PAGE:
Clinical governance was first established in the UK in 1997 (1). The most widely accepted definition is “a system through which NHS organisations are accountable for continuously improving the quality of their services and safeguarding high standards of care by creating an environment in which excellence in clinical care will flourish” (2). Since then, clinical governance principles have been incorporated into service development across the NHS, particularly in the secondary care. There are generally held to be seven pillars of clinical governance, namely, patient and public involvement, staffing and staff management, clinical effectiveness and research, using information and IT, education and training, risk management and audit.
Pearson et al (2017) suggested a clinical governance matrix framework that can be used to provide assurance of quality from an individual and team level up to multiple services and across organisations(3). It is based on the pillars of clinical governance and current CQC domains of quality. The matrix framework is designed to be flexible for bespoke use with agreed measures as well as being a comparable methodology to use across different pathways/teams (3).
Clinical governance dashboard tools can be transferable across disciplines, departments, trusts and organisations to assist with quality improvement (4). The principles and language are now very familiar and recognised by all professionals and departments working across the NHS. The NHS has been called upon to adopt a systematic approach to quality improvement (5).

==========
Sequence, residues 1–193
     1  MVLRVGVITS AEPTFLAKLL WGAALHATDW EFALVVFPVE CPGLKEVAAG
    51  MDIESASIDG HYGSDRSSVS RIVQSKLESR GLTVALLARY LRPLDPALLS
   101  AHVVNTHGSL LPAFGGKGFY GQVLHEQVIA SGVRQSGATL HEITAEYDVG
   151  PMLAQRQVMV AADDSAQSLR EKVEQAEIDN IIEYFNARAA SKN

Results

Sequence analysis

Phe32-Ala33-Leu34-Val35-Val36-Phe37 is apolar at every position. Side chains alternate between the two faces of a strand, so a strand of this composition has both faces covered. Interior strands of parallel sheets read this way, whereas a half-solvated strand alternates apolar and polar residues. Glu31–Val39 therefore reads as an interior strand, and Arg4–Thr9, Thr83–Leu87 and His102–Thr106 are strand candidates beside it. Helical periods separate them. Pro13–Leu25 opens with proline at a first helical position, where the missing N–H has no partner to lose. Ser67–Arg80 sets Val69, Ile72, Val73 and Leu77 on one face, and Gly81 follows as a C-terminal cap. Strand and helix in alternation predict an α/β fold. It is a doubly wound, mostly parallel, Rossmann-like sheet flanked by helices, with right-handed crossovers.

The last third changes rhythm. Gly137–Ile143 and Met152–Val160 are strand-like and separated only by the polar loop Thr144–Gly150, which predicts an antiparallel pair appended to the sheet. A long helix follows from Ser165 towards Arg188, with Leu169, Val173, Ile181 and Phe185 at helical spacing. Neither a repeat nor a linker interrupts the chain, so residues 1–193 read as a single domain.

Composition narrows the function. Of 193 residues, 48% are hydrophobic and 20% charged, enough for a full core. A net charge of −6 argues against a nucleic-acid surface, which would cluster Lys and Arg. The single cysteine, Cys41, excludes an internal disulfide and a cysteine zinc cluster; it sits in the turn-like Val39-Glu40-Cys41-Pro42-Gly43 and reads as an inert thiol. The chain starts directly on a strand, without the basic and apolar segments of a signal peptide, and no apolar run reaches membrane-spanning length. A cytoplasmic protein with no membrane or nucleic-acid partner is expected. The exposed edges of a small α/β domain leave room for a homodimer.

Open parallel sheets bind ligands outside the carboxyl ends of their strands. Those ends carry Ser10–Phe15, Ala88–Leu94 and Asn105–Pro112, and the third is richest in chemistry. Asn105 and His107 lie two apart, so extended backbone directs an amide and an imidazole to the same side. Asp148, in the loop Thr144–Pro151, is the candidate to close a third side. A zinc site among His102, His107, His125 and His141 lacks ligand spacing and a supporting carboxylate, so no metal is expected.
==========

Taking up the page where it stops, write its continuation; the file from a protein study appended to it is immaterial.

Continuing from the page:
Applying the NHS clinical governance framework to an Active Hospital project will ensure patient safety and quality of care is consistent. As the activities of the project effect patients across the trust, it is also important that there is a systematic approach to the overall team governance and also that there is a mechanism for feeding back governance issues into each pathway effected. This allows for a credible integration of a governance structure. All departments within NHS trusts will have existing governance processes with regular meetings and quality improvement activities.
Clinical champions from each of the Oxford Pilot pathways were invited to attend quarterly Active hospital Governance meetings and will then feedback to specific pathways when applicable.